Appointing a second special counsel could rattle Justice Department


Attorney General Jeff Sessions will appear before the House Judiciary Committee Tuesday morning to provide testimony regarding oversight of the Department of Justice.

After months of public and private pressure, Attorney General Jeff Sessions is giving President Donald Trump what he's long demanded, going back to the days of "Crooked Hillary" and "lock her up": an inquiry that could lead to a full-fledged investigation of his vanquished opponent and the Clinton Foundation.

At a moment where Sessions' leadership and credibility is being questioned - the president himself has openly pondered firing him, and Democrats are accusing him of lying about his knowledge of Russian contacts with the Trump campaign - the attorney general is giving the appearance that he's bowing to the political demands of the president.

Sessions said at a congressional hearing Tuesday that he will weigh recommendations from senior prosecutors on whether to appoint a special counsel over a 2010 uranium company deal and other issues, including donations to the Clinton Foundation.

"I have not been improperly influenced and would not be improperly influenced" by the president, Sessions said.

Sandy Hook victims' families to argue case in Connecticut Supreme Court
But the Connecticut Supreme Court agreed to hear the case a week after the families filed their first appeal. A lower court threw out their case a year ago . 20 children and six educators were killed in the shooting.

But Sessions said the DOJ requires a high standard of evidence to appoint a special counsel, which means he may not grant that request. "It needs to convey that - if Trump makes good on this threat - any person out marching with their sign is at risk of having the Justice Department come and get them". The president has repeatedly and publicly attacked the department, the Federal Bureau of Investigation and senior officials at those agencies, complaining that he wishes he could have more control over how they pursue criminal cases. "They should be looking at a lot of things, and a lot of people are disappointed in the Justice Department, including me".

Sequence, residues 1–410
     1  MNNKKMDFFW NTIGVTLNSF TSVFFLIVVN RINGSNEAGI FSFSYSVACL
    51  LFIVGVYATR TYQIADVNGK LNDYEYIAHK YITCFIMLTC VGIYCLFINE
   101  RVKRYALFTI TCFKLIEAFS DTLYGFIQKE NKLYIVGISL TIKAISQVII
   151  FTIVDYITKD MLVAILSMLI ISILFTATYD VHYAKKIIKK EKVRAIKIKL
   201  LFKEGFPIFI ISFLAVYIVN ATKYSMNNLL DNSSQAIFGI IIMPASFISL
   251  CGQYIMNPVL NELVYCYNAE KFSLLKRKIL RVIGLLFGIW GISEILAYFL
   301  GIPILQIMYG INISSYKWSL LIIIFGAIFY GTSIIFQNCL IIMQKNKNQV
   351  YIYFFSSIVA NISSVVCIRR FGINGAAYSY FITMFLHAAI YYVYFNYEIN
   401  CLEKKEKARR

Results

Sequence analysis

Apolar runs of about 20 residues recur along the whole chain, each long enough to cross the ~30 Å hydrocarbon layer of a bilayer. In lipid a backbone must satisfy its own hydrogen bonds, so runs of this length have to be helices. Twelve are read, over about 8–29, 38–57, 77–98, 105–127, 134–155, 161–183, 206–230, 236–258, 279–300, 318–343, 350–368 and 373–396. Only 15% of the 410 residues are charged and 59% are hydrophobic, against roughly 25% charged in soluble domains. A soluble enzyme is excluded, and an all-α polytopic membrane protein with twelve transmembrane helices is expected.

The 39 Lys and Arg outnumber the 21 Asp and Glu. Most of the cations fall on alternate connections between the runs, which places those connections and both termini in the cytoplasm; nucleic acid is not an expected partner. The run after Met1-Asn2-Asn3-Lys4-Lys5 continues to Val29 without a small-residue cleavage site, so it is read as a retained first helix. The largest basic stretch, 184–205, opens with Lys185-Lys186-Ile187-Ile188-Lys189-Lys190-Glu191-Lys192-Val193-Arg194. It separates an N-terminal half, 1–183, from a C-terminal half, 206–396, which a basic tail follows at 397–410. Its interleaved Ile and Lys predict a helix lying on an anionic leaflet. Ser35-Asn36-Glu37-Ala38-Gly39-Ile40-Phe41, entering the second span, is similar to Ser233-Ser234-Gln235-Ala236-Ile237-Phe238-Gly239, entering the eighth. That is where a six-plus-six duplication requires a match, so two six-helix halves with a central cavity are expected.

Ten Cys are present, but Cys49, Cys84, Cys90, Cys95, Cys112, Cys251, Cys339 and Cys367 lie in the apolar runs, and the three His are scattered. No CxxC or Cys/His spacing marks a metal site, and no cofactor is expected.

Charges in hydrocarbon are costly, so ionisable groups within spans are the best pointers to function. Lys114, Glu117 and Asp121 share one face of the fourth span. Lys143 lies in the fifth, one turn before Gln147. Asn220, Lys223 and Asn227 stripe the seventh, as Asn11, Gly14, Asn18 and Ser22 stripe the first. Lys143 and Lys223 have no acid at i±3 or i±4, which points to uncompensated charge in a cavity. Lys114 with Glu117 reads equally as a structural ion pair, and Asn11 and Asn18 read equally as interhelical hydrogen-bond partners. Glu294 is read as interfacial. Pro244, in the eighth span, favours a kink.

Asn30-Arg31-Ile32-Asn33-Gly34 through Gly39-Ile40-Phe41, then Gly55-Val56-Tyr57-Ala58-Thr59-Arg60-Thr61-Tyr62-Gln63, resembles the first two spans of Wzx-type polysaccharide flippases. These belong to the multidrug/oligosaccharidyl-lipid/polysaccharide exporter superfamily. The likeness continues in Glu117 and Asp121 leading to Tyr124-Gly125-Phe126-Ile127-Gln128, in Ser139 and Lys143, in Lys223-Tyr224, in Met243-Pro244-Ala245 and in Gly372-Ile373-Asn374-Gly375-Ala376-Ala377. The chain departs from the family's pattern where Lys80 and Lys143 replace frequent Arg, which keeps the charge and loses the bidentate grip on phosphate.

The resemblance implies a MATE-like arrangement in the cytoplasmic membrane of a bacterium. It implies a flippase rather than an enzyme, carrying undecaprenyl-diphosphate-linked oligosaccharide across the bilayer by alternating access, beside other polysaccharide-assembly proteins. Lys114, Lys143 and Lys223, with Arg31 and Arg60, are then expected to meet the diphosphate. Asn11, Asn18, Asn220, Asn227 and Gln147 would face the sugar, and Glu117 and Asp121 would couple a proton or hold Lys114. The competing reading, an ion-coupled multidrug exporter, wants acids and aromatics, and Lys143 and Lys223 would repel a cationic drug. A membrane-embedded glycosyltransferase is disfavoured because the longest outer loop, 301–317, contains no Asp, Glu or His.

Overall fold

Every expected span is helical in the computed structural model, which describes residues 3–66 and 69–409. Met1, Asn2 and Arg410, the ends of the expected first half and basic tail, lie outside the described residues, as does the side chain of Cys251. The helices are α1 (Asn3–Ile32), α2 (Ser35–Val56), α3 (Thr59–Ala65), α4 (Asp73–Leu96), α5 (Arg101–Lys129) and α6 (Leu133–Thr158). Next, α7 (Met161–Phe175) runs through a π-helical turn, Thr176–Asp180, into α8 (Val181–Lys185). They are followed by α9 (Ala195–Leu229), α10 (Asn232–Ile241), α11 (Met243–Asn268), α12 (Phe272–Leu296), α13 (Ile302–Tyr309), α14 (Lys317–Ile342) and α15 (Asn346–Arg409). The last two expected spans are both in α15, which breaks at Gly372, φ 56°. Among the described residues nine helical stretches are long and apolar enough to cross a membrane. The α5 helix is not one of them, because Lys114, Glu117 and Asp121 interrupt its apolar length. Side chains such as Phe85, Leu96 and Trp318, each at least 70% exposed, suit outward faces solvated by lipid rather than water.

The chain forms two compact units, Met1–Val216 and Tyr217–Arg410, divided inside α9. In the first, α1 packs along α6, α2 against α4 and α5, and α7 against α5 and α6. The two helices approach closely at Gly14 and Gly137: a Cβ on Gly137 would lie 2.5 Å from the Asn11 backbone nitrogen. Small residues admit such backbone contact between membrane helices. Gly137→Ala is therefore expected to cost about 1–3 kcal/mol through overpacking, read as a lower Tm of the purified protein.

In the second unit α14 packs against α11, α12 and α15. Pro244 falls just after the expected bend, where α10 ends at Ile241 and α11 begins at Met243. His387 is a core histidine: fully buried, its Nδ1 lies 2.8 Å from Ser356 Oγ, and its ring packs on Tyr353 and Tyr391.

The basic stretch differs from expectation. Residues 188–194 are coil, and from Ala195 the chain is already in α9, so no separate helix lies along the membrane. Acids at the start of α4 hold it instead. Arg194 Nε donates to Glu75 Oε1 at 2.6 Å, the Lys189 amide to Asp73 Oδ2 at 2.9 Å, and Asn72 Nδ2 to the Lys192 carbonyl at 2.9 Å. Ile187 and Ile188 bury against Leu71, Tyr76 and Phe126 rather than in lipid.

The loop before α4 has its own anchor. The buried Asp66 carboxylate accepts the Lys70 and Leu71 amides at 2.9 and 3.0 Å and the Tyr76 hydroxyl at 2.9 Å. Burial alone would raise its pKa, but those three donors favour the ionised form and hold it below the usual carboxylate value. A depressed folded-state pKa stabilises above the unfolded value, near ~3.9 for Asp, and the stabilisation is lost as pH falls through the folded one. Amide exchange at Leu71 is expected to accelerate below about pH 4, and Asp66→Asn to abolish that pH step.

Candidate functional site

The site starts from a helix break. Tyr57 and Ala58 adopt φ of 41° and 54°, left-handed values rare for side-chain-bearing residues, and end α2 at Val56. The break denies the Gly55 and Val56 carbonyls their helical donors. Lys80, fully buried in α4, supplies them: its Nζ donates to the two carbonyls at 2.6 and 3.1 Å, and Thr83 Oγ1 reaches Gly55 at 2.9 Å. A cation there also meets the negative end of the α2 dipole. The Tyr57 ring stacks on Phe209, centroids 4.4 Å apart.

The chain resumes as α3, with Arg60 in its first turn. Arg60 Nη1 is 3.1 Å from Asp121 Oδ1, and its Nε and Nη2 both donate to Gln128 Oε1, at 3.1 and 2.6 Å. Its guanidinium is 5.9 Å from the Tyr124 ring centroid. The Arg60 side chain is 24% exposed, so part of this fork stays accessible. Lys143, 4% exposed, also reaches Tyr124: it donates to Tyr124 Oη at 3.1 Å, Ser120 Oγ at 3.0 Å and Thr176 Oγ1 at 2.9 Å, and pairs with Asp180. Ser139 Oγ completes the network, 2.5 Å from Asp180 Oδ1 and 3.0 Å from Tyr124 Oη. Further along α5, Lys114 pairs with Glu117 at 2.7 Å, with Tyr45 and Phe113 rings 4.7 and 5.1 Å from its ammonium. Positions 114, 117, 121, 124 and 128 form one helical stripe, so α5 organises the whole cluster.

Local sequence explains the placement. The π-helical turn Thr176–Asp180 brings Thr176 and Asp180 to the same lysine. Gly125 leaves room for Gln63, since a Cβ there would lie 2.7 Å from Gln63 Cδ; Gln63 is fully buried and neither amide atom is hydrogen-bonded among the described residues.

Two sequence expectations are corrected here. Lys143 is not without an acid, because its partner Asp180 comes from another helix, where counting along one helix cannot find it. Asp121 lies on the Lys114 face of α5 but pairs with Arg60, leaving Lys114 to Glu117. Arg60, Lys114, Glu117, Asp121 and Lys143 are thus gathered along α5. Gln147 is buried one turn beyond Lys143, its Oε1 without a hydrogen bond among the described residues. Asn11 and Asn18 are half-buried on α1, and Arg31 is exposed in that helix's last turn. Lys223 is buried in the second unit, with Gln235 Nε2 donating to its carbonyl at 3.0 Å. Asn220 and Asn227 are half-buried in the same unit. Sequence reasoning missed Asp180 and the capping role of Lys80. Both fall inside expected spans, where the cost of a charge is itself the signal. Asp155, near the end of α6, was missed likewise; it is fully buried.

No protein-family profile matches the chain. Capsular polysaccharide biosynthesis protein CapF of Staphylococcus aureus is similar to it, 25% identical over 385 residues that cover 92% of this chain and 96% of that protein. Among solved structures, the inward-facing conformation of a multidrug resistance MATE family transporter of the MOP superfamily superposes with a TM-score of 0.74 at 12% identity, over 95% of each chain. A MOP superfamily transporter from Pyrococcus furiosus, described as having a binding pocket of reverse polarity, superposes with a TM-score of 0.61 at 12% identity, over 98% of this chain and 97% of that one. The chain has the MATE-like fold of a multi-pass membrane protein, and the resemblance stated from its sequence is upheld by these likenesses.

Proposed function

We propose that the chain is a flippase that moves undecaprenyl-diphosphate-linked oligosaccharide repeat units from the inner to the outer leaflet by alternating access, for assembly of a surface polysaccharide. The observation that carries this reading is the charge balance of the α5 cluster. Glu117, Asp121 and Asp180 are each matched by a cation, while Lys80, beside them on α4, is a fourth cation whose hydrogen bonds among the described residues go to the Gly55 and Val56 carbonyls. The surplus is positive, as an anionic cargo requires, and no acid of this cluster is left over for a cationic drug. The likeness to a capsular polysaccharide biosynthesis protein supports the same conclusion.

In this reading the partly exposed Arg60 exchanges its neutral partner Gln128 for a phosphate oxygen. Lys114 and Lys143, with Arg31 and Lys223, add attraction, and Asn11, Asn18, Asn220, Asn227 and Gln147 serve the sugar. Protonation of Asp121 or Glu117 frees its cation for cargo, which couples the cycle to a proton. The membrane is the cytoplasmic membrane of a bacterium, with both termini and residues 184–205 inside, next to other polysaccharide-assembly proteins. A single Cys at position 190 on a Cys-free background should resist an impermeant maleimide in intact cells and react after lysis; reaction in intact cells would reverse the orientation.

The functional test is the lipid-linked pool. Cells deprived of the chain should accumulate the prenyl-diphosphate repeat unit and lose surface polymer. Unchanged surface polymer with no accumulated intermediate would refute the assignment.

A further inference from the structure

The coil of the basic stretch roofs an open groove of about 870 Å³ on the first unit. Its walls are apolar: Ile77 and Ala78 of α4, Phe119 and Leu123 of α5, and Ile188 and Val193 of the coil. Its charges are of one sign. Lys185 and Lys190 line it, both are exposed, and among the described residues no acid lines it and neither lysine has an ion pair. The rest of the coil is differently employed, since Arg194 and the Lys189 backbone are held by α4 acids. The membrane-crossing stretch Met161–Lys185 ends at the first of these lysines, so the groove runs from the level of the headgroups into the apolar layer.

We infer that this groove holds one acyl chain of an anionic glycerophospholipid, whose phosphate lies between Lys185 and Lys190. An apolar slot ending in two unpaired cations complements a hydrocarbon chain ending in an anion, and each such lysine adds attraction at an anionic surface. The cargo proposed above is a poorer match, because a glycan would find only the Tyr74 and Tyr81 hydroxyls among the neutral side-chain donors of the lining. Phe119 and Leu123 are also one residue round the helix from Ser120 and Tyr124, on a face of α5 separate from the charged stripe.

What's it going to take to actually get a special counsel? When House Republicans demanded a special counsel probe of the IRS' treatment of conservative groups during the Obama administration, the Justice Department stayed largely silent on the call until it issued a lengthy letter explaining the reasons prosecutors would not pursue charges in the case.

The report follows weeks of critical coverage on Pirro's show, "Justice with Judge Jeanine", and elsewhere on Fox, of the 2016 deal that allowed a Russian nuclear agency to purchase Uranium One, a Canadian company that owns access to uranium in the USA.

"Why in 2016 did FBI Director James Comey call the Clinton Investigation a "matter", not an investigation?"

In response to the silence from the Justice Department, Reps. After all, Mr. Comey wasn't Director of the Federal Bureau of Matters.

US Army re-allows waivers for recruits with history of mental illness
The Army did not respond to a request for information on how many waivers had been issued for mental health issues. Mental health waivers were banned by the Army in 2009, but Army spokesperson Lt.

Republicans have questioned the deal, approved during the Obama administration, which gave Russian companies control of about 20 percent of US uranium deposits.

"Why did Robert Mueller not inform CFIUS?"

Replying to Jordan, Sessions said: "That's the only thing I can tell you, Mr Jordan".

"Are you recused from investigations that involved Secretary Clinton?"

Ben Affleck is Thinking About When It's Time to Leave Batman
However, 2017 audiences warmed to Patty Jenkins' Wonder Woman and it proved a hit among the critics giving the DC fans some hope. While he ponders his own future as the Dark Knight, the actor does see a timeliness in Justice League's arrival now.